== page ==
Kansas, a U.S. state nestled in the Midwest, takes its name from the Kansa Native American tribe that lived in the area. The name's origin is a Sioux word that means "people of the south wind." The state's nicknames are the Sunflower State and the Jayhawk State.
In 1541, Spanish adventurers arrived and explored the state. Explorers from French Canada later roamed the area in 1673. The United States bought Kansas from France in 1803 as part of the Louisiana Purchase.
Reverend Sylvester Graham was a Kansan minister who was the inspiration for the graham cracker. He was a strong supporter of whole-wheat flour food products. Because Kansas is the country's leader in wheat production, the state's city of Wellington became unofficially known as the wheat capital of the world. The state is also the country's second largest producer of beef cattle.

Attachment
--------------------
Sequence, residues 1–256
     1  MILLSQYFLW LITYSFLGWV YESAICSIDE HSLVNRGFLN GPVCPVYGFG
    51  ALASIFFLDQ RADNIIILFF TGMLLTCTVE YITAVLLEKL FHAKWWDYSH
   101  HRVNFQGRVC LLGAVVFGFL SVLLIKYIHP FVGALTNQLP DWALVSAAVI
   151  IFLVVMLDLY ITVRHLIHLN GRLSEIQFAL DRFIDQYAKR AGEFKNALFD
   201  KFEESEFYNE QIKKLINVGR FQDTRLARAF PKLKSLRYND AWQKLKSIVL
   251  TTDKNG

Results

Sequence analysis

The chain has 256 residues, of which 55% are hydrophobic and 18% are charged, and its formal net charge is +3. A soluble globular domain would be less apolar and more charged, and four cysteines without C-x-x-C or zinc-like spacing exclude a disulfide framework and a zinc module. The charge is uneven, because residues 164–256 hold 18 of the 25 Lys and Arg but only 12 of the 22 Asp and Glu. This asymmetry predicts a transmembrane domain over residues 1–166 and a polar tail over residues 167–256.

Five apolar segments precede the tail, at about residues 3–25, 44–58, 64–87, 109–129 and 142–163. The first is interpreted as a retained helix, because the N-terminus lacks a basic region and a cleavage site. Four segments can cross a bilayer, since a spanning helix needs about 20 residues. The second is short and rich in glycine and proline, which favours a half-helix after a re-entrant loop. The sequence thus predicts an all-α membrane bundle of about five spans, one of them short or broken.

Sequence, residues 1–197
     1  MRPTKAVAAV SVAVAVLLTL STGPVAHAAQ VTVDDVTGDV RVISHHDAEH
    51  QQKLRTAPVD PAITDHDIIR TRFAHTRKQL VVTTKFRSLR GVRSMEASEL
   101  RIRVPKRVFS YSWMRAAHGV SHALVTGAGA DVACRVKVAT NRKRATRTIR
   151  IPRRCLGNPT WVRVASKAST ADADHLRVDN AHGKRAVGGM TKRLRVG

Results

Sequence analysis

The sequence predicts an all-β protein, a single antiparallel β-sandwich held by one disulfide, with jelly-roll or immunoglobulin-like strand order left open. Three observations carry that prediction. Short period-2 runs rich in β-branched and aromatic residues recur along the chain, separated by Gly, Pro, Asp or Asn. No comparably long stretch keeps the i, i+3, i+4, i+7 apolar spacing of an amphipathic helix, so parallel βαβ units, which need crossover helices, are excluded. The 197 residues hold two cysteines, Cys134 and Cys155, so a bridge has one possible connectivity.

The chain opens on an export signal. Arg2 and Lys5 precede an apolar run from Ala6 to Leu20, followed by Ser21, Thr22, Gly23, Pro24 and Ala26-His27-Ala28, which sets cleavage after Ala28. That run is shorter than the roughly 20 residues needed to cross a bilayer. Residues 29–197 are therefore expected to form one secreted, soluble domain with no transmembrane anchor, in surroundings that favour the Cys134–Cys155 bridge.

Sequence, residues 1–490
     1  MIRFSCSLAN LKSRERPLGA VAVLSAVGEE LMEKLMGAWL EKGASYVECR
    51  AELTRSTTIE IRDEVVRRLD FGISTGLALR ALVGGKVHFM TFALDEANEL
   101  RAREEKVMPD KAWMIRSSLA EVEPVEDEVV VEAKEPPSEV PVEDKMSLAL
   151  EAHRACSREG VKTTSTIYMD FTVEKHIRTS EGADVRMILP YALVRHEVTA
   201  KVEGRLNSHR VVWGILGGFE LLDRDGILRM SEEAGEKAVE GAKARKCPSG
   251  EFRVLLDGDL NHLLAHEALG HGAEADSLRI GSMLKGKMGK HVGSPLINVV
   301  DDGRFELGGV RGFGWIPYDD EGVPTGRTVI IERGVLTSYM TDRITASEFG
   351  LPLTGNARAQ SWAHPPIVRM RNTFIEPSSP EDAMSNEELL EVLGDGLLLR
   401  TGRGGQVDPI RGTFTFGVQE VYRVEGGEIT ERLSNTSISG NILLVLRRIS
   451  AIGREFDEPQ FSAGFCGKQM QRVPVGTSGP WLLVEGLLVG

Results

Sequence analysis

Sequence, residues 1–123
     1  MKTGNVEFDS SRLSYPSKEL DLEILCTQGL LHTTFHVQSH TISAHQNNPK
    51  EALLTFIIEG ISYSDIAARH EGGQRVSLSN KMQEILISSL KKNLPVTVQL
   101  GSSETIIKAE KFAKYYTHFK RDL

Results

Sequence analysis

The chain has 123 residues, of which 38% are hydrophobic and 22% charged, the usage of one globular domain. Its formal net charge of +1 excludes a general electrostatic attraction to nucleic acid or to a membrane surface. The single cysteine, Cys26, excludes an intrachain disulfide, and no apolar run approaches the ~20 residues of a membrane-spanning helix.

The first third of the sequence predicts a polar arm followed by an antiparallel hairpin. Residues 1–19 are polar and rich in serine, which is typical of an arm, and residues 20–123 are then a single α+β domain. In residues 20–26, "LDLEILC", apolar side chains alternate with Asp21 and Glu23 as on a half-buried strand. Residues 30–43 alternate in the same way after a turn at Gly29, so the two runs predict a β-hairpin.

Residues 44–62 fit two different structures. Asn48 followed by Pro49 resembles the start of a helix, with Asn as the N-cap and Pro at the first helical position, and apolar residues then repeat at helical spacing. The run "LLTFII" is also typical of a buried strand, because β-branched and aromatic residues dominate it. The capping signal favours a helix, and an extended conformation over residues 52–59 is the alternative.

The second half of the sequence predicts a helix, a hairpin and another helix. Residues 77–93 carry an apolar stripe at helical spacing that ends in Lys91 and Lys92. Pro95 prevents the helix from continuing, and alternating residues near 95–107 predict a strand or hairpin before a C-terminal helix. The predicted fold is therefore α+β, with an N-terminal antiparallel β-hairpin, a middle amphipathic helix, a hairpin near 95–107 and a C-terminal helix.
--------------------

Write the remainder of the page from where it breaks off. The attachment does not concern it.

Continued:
Many famous historical figures were from Kansas. Almon Strowger of El Dorado is the inventor of the dial telephone, while Charles Wilson and William Purvis of Goodland invented the helicopter. Amelia Earhart, the first woman to fly alone across the Atlantic Ocean and the first licensed female pilot accredited by the National Aeronautics Association, was a native of Atchison, Kansas.
Dodge City, Kansas is the windiest city in the United States. Its average wind speed reaches 14 miles per hour.